Monday, May 10, 2021

On the Biblioteca Ambrosiana and its manuscripts

A LANDMARK OF SCHOLARSHIP: WKND Travel: Inside The Ambrosiana, Milan's historic library (Mariella Radaelli, The Khaleej Times via
The Veneranda Biblioteca Ambrosiana is the third-oldest public library in Europe, after the Bodleian Library (1603) at Oxford and the Angelica Library (1604) in Rome.

Within a five-minute-walk from the Milan Cathedral, it remains an important site for scholars and students, providing a model of intercultural dialogue and education.

It sits timelessly in the heart of the city. Its spacious rooms are filled with 35,000 manuscripts of great artistic and codicological value, 2,500 incunabula, and one million books. These precious library materials allow the researchers' minds to expand infinitely. Here, they can see the whole universe within themselves.

A fascinating account of the founding and early history of the Biblioteca Ambrosiana in Milan. The focus is on its collection of Arabic manuscripts, but it also has manuscripts important for biblical and ancient Jewish studies.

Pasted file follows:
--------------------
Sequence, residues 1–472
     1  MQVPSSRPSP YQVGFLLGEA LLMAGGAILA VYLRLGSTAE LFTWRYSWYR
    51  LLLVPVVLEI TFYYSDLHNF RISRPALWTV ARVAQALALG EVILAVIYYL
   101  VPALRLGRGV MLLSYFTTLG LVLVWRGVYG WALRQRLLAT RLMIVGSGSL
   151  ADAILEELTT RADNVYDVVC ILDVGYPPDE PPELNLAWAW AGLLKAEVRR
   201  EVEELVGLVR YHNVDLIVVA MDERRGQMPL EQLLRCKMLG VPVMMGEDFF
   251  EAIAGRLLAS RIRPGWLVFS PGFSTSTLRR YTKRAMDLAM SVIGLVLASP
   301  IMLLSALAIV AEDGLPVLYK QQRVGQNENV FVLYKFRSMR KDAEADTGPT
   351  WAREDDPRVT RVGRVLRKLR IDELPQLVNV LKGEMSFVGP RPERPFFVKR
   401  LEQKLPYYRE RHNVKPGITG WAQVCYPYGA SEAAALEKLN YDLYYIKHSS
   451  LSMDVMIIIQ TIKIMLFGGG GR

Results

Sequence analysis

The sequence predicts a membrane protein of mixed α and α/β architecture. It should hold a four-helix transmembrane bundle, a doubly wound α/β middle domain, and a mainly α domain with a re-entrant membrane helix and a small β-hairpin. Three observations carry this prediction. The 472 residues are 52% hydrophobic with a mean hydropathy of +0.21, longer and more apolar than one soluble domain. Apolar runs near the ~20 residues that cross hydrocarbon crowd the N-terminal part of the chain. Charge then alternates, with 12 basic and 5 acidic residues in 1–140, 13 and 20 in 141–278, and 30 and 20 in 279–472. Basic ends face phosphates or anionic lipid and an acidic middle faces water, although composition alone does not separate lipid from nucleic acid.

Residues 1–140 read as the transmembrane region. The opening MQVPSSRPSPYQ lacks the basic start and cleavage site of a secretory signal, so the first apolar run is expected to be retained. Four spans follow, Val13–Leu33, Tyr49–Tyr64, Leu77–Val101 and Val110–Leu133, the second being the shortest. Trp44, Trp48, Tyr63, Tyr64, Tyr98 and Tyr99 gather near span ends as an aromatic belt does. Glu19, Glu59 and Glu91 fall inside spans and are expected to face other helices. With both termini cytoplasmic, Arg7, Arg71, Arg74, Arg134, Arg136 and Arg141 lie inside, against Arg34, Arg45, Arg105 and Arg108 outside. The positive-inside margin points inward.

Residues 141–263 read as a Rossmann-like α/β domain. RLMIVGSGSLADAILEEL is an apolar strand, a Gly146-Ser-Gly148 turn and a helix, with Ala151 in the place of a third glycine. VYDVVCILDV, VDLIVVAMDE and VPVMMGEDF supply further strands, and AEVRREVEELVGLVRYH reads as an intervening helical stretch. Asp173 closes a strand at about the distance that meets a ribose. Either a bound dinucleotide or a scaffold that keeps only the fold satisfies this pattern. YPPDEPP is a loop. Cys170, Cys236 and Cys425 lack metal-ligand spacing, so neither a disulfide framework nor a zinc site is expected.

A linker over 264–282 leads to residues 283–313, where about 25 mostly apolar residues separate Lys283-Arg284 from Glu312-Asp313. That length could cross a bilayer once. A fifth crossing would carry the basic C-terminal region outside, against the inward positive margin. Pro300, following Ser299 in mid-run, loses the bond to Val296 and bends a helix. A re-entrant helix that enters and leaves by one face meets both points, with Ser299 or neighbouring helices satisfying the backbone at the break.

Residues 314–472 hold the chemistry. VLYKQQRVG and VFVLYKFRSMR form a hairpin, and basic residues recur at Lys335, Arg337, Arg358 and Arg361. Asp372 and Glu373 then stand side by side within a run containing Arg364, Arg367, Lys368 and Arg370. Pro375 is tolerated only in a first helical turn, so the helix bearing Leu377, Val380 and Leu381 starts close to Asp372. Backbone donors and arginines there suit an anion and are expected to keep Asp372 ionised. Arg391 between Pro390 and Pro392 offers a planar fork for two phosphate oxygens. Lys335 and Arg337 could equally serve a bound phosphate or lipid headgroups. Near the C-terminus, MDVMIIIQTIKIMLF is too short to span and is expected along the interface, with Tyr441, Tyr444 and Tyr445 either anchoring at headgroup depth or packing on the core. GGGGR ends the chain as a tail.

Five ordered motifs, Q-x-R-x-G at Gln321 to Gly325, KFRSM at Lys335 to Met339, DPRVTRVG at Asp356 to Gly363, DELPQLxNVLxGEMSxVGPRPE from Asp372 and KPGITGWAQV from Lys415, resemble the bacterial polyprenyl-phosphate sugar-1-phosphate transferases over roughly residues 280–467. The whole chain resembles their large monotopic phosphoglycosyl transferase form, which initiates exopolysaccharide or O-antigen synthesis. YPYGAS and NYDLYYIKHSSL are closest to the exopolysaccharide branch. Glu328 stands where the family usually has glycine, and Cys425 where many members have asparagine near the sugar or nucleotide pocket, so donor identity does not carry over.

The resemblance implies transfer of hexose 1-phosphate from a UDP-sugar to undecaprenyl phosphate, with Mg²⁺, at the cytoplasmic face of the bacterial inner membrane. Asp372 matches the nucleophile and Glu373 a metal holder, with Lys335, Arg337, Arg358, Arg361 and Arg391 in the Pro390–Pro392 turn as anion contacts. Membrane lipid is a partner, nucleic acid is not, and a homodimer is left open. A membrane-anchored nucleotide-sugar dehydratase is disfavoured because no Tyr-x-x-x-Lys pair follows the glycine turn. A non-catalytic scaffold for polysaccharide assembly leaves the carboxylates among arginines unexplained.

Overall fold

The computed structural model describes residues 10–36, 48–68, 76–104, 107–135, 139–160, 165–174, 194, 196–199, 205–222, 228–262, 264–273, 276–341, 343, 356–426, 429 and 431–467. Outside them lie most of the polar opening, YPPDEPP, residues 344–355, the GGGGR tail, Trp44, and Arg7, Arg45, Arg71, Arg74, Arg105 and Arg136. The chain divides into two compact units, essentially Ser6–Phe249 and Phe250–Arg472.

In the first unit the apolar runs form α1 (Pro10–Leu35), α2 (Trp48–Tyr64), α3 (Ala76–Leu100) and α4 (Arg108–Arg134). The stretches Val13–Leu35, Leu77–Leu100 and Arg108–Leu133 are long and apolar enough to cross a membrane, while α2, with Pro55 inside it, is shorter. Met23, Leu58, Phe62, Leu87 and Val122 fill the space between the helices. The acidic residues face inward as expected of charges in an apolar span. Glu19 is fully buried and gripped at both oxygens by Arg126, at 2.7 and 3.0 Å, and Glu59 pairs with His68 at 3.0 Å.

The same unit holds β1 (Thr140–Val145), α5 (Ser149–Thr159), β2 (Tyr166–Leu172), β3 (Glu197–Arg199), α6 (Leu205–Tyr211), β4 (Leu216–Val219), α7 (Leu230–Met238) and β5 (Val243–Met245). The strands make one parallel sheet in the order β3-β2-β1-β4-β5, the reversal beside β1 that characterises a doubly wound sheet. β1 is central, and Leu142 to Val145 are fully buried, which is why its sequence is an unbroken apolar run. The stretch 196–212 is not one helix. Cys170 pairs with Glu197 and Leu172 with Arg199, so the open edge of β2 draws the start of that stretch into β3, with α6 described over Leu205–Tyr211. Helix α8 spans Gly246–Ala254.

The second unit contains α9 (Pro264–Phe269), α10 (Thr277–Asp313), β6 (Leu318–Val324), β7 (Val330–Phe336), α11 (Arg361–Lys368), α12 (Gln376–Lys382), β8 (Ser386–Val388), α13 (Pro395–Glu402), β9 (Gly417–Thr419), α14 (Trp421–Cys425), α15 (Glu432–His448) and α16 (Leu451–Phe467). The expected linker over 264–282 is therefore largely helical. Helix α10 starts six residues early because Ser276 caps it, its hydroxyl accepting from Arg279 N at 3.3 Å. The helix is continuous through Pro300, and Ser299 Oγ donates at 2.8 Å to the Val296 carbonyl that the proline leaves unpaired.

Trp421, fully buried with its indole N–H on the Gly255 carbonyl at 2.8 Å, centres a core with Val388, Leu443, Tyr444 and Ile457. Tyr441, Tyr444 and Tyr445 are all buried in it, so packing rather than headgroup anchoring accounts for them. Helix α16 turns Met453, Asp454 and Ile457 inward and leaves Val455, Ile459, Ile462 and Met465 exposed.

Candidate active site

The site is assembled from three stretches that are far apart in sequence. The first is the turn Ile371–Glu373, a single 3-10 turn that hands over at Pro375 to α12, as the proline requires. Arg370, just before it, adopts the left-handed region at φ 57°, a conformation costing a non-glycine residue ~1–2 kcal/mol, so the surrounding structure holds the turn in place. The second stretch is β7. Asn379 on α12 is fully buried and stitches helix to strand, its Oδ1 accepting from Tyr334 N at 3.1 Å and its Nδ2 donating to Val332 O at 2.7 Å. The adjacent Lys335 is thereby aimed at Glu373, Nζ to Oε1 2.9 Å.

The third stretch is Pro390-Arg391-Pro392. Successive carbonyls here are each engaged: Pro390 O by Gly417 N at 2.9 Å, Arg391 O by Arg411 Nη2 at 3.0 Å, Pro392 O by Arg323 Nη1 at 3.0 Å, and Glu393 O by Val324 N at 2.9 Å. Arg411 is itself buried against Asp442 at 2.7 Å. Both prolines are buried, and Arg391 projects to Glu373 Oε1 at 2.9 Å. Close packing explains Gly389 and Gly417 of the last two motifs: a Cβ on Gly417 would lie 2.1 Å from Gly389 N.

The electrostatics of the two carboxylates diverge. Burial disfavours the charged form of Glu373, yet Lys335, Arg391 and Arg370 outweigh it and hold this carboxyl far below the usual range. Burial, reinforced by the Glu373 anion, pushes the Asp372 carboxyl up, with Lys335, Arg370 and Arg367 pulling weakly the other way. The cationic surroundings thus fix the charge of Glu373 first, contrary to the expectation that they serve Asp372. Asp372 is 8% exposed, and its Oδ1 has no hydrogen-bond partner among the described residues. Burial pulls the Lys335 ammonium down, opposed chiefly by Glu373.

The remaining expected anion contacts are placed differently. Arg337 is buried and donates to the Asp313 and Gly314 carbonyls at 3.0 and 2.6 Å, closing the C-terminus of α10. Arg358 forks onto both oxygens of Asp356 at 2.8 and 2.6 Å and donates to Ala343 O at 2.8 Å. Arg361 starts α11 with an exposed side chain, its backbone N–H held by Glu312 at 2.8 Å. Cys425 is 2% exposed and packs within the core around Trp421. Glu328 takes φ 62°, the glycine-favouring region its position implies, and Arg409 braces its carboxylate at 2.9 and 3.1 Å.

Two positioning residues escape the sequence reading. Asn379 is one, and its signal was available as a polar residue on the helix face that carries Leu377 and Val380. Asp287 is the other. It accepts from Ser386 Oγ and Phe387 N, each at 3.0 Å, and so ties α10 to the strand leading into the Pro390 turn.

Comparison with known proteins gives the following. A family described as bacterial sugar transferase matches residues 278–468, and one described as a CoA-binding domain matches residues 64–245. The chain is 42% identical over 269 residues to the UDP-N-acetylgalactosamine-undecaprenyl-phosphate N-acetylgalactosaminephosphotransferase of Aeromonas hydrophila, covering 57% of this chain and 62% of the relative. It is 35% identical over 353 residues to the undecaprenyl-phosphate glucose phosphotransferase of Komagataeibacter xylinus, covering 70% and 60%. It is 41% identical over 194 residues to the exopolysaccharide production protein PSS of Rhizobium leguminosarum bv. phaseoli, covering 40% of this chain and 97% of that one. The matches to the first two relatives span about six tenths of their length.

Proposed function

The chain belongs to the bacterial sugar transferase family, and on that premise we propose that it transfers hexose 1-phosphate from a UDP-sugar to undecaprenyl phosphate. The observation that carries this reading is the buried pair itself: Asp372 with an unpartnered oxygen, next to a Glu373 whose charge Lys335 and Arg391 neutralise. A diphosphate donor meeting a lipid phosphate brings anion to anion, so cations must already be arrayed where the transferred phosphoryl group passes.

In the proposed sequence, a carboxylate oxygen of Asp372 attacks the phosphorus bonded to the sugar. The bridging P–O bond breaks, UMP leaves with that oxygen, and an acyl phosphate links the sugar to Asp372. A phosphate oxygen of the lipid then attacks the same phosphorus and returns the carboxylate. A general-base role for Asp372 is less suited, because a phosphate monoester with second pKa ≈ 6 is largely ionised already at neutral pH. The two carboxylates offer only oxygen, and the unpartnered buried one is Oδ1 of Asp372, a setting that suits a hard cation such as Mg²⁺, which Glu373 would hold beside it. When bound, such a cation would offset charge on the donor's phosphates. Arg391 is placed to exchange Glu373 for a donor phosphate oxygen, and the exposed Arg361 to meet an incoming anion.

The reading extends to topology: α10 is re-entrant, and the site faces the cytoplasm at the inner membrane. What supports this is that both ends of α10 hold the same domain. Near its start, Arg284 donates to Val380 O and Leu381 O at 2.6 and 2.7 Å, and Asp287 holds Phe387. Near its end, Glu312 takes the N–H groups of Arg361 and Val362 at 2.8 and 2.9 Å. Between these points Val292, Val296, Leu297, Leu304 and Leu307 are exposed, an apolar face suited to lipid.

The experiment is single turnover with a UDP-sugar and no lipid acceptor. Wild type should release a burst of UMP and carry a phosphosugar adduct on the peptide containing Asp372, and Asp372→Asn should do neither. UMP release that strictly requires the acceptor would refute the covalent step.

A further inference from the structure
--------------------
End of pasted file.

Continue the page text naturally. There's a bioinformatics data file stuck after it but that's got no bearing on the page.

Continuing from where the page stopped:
Codex Ambrosianus B.21 is a manuscript a Syriac translation of the whole Bible – construed broadly to include the Old Testament, the New Testament, the Apocrypha, and some books that didn't make it into any of the official biblical canons. I have blogged on the manuscript here, based on a photolithographic reproduction in the special collections of the University of St. Andrews Library. In 2011 I visited the Biblioteca Ambrosiana, where I saw and photographed the actual manuscript. For more on it see here, here, and here. And for posts on another manuscript from this library, see here and here.

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